J. Locke Influences T. Jefferson

Presentation by Jason Hogle

Thomas Jefferson

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John Locke

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Comparison #1

Locke: "The state of nature has a law of nature to govern it, which obliges every one: and reason, which is that law, teaches all mankind, who will but consult it, that being all equal and independent, no one ought to harm another in his life, health, liberty, or possessions…"

Jefferson: "We hold these truths to be self-evident, that all men are created equal, that they are endowed by their Creator with certain unalienable Rights, that among these are Life, Liberty and the pursuit of Happiness."

Meaning of the Quotes: Everyone as basic humans is born with 3 basic rights. Through nature we are guaranteed the rights of health, liberty, and possessions, and through God we are guaranteed the rights of life, liberty, and the pursuit of happiness. Whether it be from God, nature, or just some supernatural force, every human on this earth is guaranteed basic rights, that no one has the right to take away or hinder.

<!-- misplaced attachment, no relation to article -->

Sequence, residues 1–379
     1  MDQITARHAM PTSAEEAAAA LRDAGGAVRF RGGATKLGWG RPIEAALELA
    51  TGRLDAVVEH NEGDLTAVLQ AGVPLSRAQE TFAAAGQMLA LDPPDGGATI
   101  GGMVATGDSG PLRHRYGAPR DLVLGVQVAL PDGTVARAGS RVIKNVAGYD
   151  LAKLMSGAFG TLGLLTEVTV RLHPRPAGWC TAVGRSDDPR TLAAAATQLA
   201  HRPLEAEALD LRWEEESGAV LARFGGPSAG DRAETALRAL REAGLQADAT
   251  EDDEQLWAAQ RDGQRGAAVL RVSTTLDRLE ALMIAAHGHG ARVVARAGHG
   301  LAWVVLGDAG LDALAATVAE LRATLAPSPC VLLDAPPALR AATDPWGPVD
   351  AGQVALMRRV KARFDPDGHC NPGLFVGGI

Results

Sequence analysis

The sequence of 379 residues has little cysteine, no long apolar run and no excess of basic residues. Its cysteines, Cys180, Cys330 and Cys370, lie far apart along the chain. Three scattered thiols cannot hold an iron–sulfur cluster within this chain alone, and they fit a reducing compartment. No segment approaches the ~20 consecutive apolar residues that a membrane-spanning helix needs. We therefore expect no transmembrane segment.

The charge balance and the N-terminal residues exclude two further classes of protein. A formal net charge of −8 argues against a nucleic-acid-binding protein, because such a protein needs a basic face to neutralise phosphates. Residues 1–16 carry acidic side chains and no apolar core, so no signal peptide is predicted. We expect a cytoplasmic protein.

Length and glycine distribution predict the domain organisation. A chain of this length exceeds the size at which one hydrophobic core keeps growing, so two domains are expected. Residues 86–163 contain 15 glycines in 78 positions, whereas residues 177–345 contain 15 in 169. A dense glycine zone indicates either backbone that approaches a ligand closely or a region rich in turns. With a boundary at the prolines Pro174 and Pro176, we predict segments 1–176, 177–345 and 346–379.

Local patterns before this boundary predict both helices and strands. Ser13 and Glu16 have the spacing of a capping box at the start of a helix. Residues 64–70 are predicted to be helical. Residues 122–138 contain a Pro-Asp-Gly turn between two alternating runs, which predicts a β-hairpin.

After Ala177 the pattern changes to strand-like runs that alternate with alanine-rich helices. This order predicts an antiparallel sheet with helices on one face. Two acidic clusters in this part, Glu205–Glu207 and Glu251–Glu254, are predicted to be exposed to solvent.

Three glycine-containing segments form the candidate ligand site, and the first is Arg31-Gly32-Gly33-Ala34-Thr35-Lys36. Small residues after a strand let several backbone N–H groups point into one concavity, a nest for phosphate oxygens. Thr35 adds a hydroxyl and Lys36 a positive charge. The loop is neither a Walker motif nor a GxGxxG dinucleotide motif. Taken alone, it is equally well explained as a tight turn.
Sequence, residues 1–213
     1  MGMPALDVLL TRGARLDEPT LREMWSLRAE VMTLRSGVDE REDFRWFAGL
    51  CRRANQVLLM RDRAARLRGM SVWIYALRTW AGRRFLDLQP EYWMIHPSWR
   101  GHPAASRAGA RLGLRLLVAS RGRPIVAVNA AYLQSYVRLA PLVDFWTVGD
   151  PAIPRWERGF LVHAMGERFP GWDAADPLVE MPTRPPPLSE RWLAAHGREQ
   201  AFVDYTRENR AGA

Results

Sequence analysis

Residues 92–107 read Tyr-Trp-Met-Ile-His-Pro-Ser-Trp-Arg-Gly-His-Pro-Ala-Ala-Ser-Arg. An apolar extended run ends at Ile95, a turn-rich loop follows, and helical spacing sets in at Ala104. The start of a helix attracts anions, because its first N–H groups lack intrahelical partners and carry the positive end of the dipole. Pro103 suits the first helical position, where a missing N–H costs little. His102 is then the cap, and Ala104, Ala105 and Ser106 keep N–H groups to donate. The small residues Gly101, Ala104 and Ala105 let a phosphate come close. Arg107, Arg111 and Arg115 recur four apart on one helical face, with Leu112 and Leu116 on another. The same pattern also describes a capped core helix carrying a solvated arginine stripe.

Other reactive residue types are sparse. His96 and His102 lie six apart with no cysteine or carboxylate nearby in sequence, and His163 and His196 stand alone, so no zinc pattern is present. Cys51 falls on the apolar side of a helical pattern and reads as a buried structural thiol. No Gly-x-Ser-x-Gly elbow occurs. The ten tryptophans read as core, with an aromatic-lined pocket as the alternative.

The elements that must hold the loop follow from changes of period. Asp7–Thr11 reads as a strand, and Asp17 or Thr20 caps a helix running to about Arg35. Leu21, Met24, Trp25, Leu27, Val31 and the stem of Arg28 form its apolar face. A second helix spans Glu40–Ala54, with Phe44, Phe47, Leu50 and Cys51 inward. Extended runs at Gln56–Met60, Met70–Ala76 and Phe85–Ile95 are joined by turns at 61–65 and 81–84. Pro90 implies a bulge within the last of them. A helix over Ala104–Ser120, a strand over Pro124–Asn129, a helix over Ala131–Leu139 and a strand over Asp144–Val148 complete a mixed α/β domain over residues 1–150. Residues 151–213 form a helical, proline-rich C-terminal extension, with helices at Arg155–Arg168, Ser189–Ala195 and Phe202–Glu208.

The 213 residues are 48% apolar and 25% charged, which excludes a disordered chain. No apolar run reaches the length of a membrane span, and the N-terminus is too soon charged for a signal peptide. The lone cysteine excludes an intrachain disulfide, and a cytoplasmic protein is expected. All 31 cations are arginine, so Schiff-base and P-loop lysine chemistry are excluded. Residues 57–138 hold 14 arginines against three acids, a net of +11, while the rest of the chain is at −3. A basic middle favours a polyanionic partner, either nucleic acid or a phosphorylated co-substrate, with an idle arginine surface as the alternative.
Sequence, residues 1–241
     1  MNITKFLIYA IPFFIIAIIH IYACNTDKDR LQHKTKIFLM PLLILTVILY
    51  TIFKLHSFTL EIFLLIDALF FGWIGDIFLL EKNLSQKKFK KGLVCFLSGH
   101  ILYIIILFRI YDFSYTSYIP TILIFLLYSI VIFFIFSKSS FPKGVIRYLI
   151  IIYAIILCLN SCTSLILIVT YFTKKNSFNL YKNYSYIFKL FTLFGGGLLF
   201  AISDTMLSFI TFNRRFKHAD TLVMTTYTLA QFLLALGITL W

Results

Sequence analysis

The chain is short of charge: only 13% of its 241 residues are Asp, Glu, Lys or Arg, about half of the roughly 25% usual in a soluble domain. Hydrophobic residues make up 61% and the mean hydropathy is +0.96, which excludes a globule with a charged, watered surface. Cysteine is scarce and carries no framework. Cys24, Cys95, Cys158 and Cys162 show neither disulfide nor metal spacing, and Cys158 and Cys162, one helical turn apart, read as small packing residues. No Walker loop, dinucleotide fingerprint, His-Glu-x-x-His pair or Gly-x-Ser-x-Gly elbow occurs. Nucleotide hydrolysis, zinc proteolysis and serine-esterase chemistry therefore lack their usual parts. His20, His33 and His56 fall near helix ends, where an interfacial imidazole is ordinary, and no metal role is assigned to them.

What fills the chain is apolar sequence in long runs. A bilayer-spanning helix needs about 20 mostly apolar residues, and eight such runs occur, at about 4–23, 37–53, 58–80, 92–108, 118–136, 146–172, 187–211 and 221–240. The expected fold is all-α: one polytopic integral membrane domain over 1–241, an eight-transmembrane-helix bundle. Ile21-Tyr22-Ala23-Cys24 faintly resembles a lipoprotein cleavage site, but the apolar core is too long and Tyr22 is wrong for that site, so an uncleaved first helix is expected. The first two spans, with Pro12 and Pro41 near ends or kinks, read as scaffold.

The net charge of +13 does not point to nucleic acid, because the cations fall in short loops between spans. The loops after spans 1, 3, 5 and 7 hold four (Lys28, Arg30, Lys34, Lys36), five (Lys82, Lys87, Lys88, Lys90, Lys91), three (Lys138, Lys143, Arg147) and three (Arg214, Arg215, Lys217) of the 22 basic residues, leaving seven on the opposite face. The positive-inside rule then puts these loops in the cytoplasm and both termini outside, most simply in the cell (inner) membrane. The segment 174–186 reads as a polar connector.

Comparison 2

Locke: "First, That when such a single person, or prince, sets up his own arbitrary will in place of the laws..."

Jefferson: "He has refused his Assent to Laws, the most wholesome and necessary for the public good."

Meaning of the Quote: Locke describes under what circumstances it is justified to break away from a government or ruler. His first reason is that the ruler imposes his own will in place of the laws agreed upon by the common public. Jefferson relates this idea to the current situation with the King of England. The King of England is currently refusing to allow the colonies to put laws in place without his approval. By putting his will before that of the common law and common vote, he is destroying all previous ideas of government.

Comparison 3

Locke: "Secondly, When the prince hinders the legislative from assembling in its due time, or from acting freely..."

Jefferson: "He has forbidden his Governors to pass Laws of immediate and pressing importance, unless suspended in their operation till his Assent should be obtained; and when so suspended, he has utterly neglected to attend to them."

Meaning of the Quote: Locke's next reason is when a king hinders the assembling of legislative acts meant to pass laws and agree upon ideas that could help make laws better for all the people. Jefferson alludes to this idea when stating that King George is hindering the due process of making laws by forcing all the colonies and representatives to wait until he is present to approve the laws, before enacting them. He further complains how the king always put off these hearings and never really took them seriously.

Comparison 4

Locke: "Thirdly, When, by the arbitrary power of the prince, the electors, or ways of election, are altered, without the consent, and contrary to the common interest of the people..."